Did we mention?-the sky is falling

Every election year, there are alarums about the impending demise of the ability to secure an abortion. "Unless, of course, you vote for..." Usually it’s a candidate of the Democratic Party who raises the alarum and who duly promises to safeguard a woman’s right and ability to choose an abortion against the forces of darkness, etc., etc. In New York’s Senate race, both candidates, Democrat Hillary Rodham Clinton and Republican Rick Lazio, promise to keep this fundamental (soon to be God-given) right safe.

A New York Times editorial [October 11] also weighs in on this important issue: "The fact is that in the nearly three decades since the Roe decision, a woman’s right to choose abortion is becoming ever more fragile. In thousands of communities it is nonexistent." You would never guess that this is a nation where 1.37 million abortions were performed in 1996-the last year for which data is available-and no fewer than 34 million between 1973 and 1996. In fact, with an abortion rate of 23 per thousand in women of reproductive age, the United States continues to have one of the highest rates of abortion among developed nations.

The Times goes on to observe other ominous signs of the fragile condition of the abortion right: there has been a 30 percent drop in abortion providers since 1982, and 86 percent of U.S. counties have no abortion services. We couldn’t find out what percentage of counties have no medical services at all, but here are some illuminating factoids: in almost one-quarter of all U.S. counties the population is under 10,000 and in more than half, it is under 25,000. Does population density have any effect on the number of abortion providers? Or could the 30 percent drop in providers have something to do with a drop in demand? In the early 1980s, the abortion rate was at its peak-29 per thousand for women aged 15-44. Since then, there has been a 22 percent decline in the rate; teen pregnancy rates are dropping and contraceptive use is increasing (up more than 25 percent since 1980). Is the sky falling? Or is the ceiling being lowered?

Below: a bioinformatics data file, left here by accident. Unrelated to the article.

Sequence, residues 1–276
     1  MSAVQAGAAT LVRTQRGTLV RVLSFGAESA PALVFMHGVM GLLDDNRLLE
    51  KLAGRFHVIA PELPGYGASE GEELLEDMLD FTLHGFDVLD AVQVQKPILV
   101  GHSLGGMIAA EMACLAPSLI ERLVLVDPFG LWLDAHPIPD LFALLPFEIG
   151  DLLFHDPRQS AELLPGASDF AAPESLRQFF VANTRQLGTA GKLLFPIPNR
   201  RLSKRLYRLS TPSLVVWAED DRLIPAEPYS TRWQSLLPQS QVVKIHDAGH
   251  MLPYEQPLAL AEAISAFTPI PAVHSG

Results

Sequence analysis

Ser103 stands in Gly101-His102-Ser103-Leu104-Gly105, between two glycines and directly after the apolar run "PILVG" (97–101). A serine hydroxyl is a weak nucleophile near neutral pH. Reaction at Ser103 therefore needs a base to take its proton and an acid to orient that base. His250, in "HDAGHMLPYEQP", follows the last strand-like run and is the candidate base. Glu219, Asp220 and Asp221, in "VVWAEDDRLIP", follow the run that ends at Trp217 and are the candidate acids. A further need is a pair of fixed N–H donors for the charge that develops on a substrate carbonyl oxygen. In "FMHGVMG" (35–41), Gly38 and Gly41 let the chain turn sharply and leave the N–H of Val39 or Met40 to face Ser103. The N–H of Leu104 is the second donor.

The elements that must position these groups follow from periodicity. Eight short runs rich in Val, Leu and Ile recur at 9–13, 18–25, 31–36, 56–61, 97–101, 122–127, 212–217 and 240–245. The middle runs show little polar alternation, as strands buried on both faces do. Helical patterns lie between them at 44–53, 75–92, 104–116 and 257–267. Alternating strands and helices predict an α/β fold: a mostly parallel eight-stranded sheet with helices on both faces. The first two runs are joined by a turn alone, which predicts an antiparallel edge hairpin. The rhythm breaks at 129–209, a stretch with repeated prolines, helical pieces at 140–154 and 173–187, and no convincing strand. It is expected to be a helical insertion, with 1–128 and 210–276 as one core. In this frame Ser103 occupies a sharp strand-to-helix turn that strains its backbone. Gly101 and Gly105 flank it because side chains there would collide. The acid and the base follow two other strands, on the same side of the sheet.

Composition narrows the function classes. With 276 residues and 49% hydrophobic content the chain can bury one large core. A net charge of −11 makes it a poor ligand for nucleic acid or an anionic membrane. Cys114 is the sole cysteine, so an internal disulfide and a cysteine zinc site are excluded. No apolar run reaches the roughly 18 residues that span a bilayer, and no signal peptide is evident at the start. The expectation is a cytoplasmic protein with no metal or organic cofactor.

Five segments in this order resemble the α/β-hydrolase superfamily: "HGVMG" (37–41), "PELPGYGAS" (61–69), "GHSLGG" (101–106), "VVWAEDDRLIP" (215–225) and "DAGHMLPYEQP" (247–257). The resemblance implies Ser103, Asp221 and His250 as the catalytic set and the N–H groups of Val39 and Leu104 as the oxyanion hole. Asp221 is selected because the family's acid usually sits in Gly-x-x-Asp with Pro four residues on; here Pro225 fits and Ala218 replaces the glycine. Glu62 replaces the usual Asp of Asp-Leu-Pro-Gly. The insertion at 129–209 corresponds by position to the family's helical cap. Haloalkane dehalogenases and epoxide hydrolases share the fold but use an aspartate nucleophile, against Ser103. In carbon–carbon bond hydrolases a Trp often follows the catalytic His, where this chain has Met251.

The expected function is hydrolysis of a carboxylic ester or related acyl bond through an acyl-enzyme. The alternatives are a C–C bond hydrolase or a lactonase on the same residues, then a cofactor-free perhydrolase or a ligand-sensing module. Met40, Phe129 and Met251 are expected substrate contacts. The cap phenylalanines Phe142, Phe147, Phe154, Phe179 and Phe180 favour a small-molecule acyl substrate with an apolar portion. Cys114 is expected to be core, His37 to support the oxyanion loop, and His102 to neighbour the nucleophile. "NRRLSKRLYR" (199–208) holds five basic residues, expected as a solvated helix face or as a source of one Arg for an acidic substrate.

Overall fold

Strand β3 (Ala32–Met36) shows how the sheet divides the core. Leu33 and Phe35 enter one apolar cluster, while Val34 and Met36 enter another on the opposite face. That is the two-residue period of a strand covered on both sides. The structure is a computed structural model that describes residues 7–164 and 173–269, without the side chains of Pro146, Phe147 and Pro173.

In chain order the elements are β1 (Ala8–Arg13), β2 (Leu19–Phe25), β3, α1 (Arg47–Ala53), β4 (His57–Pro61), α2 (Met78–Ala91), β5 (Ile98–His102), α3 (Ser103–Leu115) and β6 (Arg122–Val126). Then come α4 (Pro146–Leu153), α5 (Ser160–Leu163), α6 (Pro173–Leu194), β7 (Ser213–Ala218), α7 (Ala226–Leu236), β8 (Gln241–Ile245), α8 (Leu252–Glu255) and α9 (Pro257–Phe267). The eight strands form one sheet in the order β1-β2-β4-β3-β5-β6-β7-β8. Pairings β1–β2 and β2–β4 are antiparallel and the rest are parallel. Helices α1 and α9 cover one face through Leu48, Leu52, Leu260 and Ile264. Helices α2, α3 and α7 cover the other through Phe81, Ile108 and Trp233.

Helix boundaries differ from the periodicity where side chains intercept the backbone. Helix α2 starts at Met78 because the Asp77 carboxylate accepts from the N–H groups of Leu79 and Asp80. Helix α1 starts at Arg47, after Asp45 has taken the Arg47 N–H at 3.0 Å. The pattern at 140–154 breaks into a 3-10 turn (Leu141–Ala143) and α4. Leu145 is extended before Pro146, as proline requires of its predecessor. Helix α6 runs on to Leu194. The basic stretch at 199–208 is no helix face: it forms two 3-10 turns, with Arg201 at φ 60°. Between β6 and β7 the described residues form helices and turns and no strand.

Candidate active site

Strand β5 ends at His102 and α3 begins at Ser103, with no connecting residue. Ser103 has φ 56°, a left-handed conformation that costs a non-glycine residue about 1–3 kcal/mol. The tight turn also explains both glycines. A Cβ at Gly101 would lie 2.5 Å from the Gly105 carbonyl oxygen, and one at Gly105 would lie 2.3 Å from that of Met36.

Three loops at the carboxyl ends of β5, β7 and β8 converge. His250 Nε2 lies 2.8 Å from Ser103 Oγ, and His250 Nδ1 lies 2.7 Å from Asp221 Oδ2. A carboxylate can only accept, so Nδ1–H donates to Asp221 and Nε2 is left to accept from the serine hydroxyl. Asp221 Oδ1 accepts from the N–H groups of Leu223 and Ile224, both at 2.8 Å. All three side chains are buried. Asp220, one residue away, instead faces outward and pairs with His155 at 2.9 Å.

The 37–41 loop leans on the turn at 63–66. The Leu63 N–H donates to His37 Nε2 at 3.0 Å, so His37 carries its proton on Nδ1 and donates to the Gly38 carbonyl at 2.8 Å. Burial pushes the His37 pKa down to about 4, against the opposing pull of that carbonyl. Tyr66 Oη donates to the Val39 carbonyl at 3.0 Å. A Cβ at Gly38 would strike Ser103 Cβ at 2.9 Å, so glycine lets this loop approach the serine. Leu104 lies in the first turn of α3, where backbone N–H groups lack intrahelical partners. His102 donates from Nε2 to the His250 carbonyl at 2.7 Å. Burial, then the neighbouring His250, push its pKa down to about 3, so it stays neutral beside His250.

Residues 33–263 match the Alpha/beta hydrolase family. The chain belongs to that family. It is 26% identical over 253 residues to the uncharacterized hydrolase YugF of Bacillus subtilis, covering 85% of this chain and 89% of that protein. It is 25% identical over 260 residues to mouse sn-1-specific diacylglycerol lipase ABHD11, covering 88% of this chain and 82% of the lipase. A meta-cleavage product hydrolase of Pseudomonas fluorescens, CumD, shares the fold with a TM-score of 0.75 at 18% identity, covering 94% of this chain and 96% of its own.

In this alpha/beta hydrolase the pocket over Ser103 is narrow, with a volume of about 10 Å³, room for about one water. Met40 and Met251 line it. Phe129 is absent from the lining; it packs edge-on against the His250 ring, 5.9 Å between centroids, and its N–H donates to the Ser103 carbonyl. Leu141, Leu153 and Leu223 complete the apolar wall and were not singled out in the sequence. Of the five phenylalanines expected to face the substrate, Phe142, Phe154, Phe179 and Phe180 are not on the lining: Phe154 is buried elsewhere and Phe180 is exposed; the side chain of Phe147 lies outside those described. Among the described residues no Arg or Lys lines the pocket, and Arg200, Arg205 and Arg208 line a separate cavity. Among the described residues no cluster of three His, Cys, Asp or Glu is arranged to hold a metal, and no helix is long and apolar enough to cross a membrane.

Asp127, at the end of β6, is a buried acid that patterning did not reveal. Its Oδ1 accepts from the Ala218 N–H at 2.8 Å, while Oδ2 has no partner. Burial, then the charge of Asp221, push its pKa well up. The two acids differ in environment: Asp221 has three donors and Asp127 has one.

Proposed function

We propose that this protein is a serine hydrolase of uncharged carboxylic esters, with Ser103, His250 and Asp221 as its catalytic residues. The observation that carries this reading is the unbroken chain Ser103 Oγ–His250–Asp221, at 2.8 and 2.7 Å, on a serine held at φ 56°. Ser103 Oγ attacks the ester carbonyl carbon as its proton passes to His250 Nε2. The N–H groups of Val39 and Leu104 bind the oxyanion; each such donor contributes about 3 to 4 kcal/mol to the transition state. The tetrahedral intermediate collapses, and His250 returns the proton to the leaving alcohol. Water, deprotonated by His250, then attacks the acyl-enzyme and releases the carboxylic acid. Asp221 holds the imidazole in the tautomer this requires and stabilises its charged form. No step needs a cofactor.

The Times editorial concludes, in what is presumably an endorsement of Al Gore: "The next president’s views will have much to do with whether reproductive freedom is protected here and promoted abroad." Having discovered a fundamental American right to abortion in Roe, the New York Times is now eager to send it ’round the world.

Published in the 2000-11-03 issue: 
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